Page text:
Wednesday, April 28, 2010

Here we go again...

Depending upon where you get the news, and what you consider to be news, you may have heard a little or a lot about a certain piece of legislation called AB 1179 more commonly known as "anti-violent video game bill (number goes here)". This bill was written by State Senator Leland Yee of California to prohibit the sale of what he views as "ultraviolence" in video games to minors. Senator Yee is also a formal child psychologist who claims on his website to be for "children, working families, seniors, civil rights and other nice-sounding things. His bill was ruled unconstitutional and now it's going to be reviewed by the Supreme Court. This is a sort of climax for what has been a decade-long culture war between the video game industry and family values special interest groups. Like the bills it before it this one is both needless, ineffective legislation and unconstitutional.

In fact newly everything in this bill is questionable and it can be read here.
Instead of playing super Street fighter for, which I rather do, I am going to EXPLAIN why this bill is both unnecessary and unconstitutional.Since I just linked to the bill itself I will only quote the exact parts that I am responding to.

"(c) "Video game" means any electronic amusement device that
utilizes a computer, microprocessor, or similar electronic circuitry
and its own monitor, or is designed to be used with a television set
or a computer monitor, that interacts with the user of the device."

This bill's definition of "video game" is a piece of hardware. According to this bill my PlayStation 3 is a video game by itself. Not only that but most peoples personal computers can also fit under this definition. I'm sure I'm not the only one who uses their computer as their in-home music player. Also the bill says "interacts with the user" instead of "that the user interacts with". So what this paragraph is describing is an artificially intelligent multimedia computer that directly interacts with the user somehow.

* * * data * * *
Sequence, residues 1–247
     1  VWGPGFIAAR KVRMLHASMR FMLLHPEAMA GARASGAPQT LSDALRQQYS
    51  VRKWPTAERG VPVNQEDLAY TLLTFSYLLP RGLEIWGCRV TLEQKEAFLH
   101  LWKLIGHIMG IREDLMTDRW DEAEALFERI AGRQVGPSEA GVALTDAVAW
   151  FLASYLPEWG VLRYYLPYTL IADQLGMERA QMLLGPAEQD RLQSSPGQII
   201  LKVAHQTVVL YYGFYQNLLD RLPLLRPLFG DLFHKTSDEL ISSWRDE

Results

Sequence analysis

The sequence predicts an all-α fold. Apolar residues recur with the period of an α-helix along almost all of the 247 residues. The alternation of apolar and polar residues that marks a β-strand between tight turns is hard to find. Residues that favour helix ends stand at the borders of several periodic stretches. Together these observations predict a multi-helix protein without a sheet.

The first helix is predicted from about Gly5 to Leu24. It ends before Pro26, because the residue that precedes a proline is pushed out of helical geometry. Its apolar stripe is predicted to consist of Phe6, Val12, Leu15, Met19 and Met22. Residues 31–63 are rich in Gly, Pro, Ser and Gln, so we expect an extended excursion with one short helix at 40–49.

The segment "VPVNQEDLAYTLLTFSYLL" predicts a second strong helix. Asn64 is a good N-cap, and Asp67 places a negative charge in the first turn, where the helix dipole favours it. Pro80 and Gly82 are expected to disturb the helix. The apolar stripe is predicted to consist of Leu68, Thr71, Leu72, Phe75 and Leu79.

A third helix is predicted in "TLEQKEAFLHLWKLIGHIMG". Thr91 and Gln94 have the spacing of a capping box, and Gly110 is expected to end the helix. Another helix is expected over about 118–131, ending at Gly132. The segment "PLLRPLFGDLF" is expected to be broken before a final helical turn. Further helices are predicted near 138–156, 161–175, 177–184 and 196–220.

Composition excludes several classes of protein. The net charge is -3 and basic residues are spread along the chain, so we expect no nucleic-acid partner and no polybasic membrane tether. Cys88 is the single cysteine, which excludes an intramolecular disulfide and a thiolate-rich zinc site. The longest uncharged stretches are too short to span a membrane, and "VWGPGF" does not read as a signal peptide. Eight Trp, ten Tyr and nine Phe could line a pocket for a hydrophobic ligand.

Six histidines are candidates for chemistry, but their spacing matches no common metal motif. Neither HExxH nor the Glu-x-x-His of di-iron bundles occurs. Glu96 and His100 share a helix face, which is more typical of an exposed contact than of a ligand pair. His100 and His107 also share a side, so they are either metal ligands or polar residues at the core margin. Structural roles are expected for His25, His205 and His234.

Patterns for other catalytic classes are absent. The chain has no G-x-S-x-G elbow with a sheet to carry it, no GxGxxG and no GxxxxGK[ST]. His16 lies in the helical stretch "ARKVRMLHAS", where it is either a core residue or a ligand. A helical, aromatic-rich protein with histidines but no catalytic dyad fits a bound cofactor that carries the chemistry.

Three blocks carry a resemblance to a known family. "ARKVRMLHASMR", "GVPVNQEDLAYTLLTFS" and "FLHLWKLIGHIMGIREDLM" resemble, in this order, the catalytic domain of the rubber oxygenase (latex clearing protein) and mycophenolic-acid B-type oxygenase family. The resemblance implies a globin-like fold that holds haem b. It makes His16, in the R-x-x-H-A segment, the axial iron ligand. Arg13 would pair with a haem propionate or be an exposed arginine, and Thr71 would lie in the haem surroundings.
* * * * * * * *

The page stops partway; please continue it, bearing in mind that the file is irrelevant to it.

"(i) A reasonable person, considering the game as a whole, would
find appeals to a deviant or morbid interest of minors."

This could be interpreted as anything and there is no definition of "a reasonable person" and it is not the place of government to decide this. (ii) is the same.

"(iii) It causes the game, as a whole, to lack serious literary,
artistic, political, or scientific value for minors."

There are video games that communicate ideas to the player and this alone puts them under first amendment protection. The First Amendment Simply says "speech" and this is separated from "press". it is NOT the governments place to determine what artistic value is.

"(2) For purposes of this subdivision, the following definitions

The terms described below are slightly vague and overlap.
They can also be found on some television programs.

"(b) Proof that a defendant, or his or her employee or agent,
demanded, was shown, and reasonably relied upon evidence that a
purchaser or renter of a violent video game was not a minor or that
the manufacturer failed to label a violent video game as required
pursuant to Section 1746.2 shall be an affirmative defense to any
action brought pursuant to this title. That evidence may include, but
is not limited to, a driver's license or an identification card
issued to the purchaser or renter by a state or by the Armed Forces"
of the United States.

It is store policy at most retailers now than individual suspected to
be underaged show proof of being 18 years or older to be allowed to
purchase an "M" rated game.

"Each violent video game that is imported into or
distributed in California for retail sale shall be labeled with a
solid white "18" outlined in black. The "18" shall have dimensions of
no less than 2 inches by 2 inches. The "18" shall be displayed on
the front face of the video game package."

The ESRB already requires something similar. The readings are represented
by a black letter against a white background and measure 1.5 mm wide and 2.2 mm high.
these ratings are in the lower left corner on the front and the lower right on the back
measuring 4 mm x 2 mm. The ESRB ratings or in plain sight and there is no need for the
state of California to do a job that someone else is already doing.

And finally section 1 at the start of the bill justifies itself with a body of research
done mostly by family values special interest groups. Carrying out a study with a political bias
is simply bad science. It also states "Even minors who do not commit acts of violence suffer
psychological harm from prolonged exposure to violent video games." there is no good evidence to suggest this.

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